One of the possible points of access to this neighbourhood is via the puerta de Elvira, one of the most important of the city’s many gateways.
Climbing the Alhacaba hill and following the walls of the alcazaba Cadima, one reaches plaza Larga and the arco de las Pesas. From here on, one of the visitor’s pleasures is to become lost in the neighbourhood’s labyrinthine streets, without forgetting a few points of interest. Like the mirador de San Crístobal, next to the church with the same name, with a magnificent view over the vega, Sierra Nevada, the alcazaba Cadima and Dar–al–Horra. Or the church of Salvador, once the medina of the ancient mosque, which still preserves its patio of ablutions. A little further up, we find the more intimate Albaicín, absorbed in itself and eternal: this is the area of San Luis street, Fajalauza, Cruz de Rauda, the lane of Pinchos… already close to Sacromonte
A visit to San Nicolás is a real must, evidence of the Catholic Monarchs’ systematic operations: to substitute mosques for churches in order to Christianize a mysteriously distant community. Having said that, the famous view of the Alhambra from the plaza may not grant much time for historic meditations on the conquest.
Walking down from the mirador towards the plaza de San Miguel bajo we come across the Max Moreau Carmen–Museum, an opportunity not only to discover the private world and fascinating personality of this highly versatile artist but also as a way to become familiar with a carmen, a typical house found in the Albaicín.
The convent of Santa Isabel la Real, en route to the plaza of San Miguel is one of the Albaicín’s best kept secrets. This convent of the Order of Saint Clare was founded by Queen Isabel in the early 16th century and can be accessed by a gateway which hides it from the road. The gate’s decoration is reminiscent of the Capilla Real, while its strikingly high altar encourages the viewer to contemplate the ceiling’s mudéjar framework with its Plateresque decoration.
Now in the plaza of San Miguel Bajo, visit the church dedicated to the former and closeby take a walk down a tiny alley leading to the Dar–al–Horra´s Palace, an example of domestic Morisco architecture, the palace was lived in by the mother of Boabdil.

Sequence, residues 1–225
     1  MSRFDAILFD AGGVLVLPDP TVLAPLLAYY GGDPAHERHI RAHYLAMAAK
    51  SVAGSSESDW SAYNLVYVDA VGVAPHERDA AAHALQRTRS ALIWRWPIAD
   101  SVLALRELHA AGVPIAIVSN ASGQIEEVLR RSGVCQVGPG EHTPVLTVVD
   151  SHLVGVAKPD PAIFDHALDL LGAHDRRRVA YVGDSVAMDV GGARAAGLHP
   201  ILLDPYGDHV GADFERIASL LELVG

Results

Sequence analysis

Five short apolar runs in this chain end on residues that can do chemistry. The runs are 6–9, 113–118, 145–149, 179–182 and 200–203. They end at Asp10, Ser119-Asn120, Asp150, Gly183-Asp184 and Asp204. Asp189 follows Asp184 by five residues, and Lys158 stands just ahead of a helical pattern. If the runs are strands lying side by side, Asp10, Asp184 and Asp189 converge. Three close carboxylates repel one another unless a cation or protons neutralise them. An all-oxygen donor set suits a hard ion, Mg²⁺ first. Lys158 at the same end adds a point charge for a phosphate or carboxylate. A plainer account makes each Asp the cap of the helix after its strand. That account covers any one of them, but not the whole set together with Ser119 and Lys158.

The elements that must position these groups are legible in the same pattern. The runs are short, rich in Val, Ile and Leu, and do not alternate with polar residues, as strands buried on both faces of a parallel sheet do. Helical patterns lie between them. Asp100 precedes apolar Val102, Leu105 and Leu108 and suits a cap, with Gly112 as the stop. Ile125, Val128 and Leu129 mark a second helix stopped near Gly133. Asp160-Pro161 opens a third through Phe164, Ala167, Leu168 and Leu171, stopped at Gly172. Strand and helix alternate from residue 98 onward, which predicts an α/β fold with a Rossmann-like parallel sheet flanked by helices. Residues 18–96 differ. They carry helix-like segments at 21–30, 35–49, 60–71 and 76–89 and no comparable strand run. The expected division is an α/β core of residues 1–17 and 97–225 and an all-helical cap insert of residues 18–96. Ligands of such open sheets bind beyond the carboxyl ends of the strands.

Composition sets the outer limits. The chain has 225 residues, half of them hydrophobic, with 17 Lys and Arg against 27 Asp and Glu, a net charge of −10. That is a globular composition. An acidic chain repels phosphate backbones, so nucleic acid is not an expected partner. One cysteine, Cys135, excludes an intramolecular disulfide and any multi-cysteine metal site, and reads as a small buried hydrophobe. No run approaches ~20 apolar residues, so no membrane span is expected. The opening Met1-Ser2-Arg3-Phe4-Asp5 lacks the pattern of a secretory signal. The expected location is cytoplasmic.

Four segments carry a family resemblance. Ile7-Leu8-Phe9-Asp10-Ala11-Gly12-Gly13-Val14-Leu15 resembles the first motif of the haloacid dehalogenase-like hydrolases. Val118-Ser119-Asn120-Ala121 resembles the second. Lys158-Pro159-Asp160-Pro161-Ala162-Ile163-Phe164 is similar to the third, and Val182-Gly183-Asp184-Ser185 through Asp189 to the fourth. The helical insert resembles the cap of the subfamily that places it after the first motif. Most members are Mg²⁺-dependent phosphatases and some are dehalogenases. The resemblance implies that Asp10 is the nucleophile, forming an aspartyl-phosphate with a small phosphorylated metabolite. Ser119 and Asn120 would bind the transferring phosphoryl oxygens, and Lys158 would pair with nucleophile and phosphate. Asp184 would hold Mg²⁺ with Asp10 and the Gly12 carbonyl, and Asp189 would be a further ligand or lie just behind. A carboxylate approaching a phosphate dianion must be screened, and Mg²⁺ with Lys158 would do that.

In the same plaza, the mirador de la Lona grants us another splendid view: the Gran Vía, railway station and, above all, the Elvira mountains on the skirts of which the ancient city was established. In the direction of the calle San Juan de los Reyes, one now passes the church of San José, what was once possibly the oldest mosque in Granada. The placeta de Carvajales, very near, offers beautiful views of the Alhambra. From here, you will inevitably arrive at San Gregorio and calle Calderería, in this street while you sip a glass of tea or hear the call to prayer from the nearby mosque, it is tempting to contemplate the capricious nature of history.
Crossing the path that leads from the abbey to the whole of Sacromonte, one finally reaches the School of Arabic Studies or casa del Chapiz. This building clearly shows that the 16th century not only adopted architectonic elements from the recent past, but could also combine these with the new, the idea being that architecture among other things could be, for those who inhabited it, a joy to the senses.
A little further down the hill, next to the river, stands the Córdova’s palace which houses the city archives, and the paseo de los Tristes. There, below the Alhambra hill, a modest square fills with people, sitting at candlelit tables into the small hours of the night. Here, one is free to do what one pleases though most come to flee from the city heat on summer nights or hunt for the midday sun in winter.

Following the river along the Carrera del Darro, in the direction of plaza Nueva, one comes across the church of San Pedro and San Pablo, the convent of Santa Catalina de Zafra, founded in 1520, which preserves the casa morisca de Zafra from the 14th century.
Close by, el Bañuelo, it seems likely that it was built on the mosque of these baths, which are some of the oldest surviving in Spain. On the other shore, the remains of the Cadí´s bridge. Next door, note the interesting facade of the casa de Castril, a beautiful 16th century palace which at present houses Granada’s Archaeological Museum.
Also nearby, although in a small alley, one finds the casa de los Pisas, a 16th century palace converted into a museum dedicated to San Juan de Dios. The church of Santa Ana in Plaza Nueva, boasts one of the finest facades in Granada, both in its proportions as in the distribution of its features. Started in 1501 and completed in 1562, it is real masterpiece of mudéjar architecture.
However the building which best characterizes plaza Nueva is the Royal Chancery of Granada, the only supreme court of justice in the kingdom along with that of Valladolid. Work commenced on its building in 1531, the facade would later become a quintessential example of classicist decorative architecture.